We keep trying to find ways to help our students, but we never seem to get the job done.  I keep thinking there must some some magic trick that will turn straw into gold.


It has been raining all day today.  I don't mind it because the state has been through one of the worst droughts ever, but it means that we cannot get out and tend to our yard like we would like too.  So, I come inside and do some reading, plan my lessons for the rest of the year, and enjoy a little down time.

Tuesday, March 06, 2012

Gonna get more dramatic?


I had my conversation with Dr. Roy, our consultant, and Ms. Jaramillo (Ms. J to all of us) over what they saw in my classroom yesterday.

One thing Dr. Roy told me is that I love my subject, and I want my students to love it. So, he said I need to look for ways to invite them in.

Ms. J said that I ought to borrow the techniques I use when I announce the school football games. I need to put myself "on stage" so to speak.

So my students should expect me to be a bit more of a performer in the classroom. (Though probably not as much as the guy above.

Any suggestions on how to pull this off?

Monday, March 05, 2012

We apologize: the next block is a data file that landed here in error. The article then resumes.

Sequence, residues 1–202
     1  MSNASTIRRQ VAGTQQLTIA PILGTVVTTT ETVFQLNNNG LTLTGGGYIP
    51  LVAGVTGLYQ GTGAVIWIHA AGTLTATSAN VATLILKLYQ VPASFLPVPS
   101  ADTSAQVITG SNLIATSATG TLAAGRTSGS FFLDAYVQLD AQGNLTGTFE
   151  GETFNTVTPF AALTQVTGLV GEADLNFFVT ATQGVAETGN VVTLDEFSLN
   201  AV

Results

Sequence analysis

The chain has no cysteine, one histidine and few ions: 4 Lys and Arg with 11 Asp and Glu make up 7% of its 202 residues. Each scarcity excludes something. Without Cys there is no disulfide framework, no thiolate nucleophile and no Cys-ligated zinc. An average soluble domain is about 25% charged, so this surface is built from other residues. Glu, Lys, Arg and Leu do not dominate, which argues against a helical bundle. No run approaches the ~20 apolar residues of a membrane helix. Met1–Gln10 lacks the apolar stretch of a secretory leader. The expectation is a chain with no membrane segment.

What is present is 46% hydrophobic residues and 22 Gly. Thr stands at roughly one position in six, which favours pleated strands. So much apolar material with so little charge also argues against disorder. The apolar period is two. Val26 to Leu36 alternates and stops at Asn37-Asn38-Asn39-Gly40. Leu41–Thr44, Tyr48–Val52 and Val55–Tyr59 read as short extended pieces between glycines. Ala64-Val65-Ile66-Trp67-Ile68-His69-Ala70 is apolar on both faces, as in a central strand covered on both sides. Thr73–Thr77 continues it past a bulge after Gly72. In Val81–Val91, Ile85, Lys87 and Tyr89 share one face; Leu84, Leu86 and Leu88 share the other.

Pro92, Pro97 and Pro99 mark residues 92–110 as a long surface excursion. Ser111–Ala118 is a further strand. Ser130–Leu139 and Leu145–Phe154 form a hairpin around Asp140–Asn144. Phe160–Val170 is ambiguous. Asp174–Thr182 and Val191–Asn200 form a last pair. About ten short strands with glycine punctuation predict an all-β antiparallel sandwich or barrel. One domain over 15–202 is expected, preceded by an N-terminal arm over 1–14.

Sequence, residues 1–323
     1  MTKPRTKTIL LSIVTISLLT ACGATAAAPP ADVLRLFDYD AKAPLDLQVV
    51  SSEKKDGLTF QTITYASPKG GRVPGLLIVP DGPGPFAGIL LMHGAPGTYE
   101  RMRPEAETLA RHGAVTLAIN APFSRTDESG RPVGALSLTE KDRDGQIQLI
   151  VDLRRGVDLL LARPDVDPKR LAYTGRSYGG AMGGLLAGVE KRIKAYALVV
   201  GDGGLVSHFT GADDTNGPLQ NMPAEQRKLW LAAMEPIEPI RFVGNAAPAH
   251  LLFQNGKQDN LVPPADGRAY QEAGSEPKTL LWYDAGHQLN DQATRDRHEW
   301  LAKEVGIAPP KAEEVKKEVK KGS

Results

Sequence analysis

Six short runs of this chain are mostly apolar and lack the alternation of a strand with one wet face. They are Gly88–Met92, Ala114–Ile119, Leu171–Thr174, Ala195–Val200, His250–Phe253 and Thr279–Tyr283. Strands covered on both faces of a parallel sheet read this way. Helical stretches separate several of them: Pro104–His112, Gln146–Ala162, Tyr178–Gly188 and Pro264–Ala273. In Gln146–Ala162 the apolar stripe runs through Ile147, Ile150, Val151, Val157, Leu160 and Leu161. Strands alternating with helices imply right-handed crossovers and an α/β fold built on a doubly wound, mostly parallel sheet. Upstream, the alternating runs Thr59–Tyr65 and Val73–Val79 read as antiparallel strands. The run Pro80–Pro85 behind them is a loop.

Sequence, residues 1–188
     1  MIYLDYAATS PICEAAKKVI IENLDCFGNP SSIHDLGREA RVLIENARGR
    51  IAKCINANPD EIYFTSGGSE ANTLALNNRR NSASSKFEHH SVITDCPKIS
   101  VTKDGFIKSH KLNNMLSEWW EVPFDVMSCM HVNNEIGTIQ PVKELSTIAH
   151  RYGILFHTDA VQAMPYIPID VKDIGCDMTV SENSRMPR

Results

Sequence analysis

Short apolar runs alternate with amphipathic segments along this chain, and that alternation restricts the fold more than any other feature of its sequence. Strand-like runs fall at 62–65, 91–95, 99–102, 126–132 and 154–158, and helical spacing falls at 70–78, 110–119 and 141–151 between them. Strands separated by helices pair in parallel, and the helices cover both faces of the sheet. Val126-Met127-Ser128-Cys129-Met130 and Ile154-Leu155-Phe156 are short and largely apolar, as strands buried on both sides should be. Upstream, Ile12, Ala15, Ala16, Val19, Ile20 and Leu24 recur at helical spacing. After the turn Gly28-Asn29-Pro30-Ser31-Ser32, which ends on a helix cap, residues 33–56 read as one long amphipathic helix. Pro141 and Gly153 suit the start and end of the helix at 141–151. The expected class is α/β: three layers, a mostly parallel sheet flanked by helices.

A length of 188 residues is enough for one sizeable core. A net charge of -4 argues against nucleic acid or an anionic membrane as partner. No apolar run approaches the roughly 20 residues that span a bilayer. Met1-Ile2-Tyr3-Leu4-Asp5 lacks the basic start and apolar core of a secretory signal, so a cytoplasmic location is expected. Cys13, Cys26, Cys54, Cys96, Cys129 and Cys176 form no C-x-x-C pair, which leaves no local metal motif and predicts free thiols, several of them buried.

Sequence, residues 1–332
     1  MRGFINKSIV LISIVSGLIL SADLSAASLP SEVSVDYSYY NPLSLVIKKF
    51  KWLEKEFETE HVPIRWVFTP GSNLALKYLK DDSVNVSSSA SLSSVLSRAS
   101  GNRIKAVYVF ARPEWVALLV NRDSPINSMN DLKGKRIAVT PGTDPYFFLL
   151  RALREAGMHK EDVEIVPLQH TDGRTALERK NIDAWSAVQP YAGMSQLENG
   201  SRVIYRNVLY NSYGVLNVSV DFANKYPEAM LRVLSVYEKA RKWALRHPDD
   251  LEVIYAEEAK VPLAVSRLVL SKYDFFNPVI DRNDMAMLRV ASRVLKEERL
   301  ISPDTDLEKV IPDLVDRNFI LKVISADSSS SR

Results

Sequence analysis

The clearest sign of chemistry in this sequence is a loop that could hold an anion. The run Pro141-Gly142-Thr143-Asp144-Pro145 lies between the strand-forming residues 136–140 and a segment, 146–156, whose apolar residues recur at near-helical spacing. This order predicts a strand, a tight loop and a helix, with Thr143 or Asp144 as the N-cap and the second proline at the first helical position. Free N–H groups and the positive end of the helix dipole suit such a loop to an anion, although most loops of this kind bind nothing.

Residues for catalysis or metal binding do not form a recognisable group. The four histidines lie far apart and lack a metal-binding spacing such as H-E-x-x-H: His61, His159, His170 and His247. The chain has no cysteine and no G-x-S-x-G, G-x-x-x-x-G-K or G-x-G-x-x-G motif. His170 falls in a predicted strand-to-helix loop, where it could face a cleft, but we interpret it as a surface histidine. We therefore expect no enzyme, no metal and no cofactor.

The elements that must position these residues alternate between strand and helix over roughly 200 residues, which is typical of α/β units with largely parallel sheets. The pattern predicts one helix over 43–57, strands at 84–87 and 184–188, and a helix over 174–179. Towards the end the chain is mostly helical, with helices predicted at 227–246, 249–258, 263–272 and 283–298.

When Bad Things Happen to (Pretty) Good Teachers


Today was one of "those days" at school.

On Friday, my principal, Ms. Johnson, informed me that a couple of consultants would be in the building on Monday and Tuesday to visit our classes.  They would be specifically looking at our classwork "engagement strategies"--those things we do in our lessons that get the students involved in learning and excited about their education. Not the sort of image that many of our adolescent learners have about their days in the classroom.

Actually, I have been trying to up my game about my teaching techniques and engagement is one of the areas I am trying to explore.  So, most of the day Sunday I was hunched over my school laptop trying to come up with some engaging lessons for my juniors and seniors.  I should say I was hunched over my school laptop and my home desk computer because, unfortunately, I left the power cord for my laptop at the school and the power ran down half-way through the process.  I don't know if this caused the later problems, but it should have been an omen.

After working from mid-morning to late at night, I had two pretty good lessons, I thought.  The junior would be analyzing Langston Hughes poem, "Mother to Son". (Well, son, I'll tell you:/
Life for me ain't been no crystal stair.)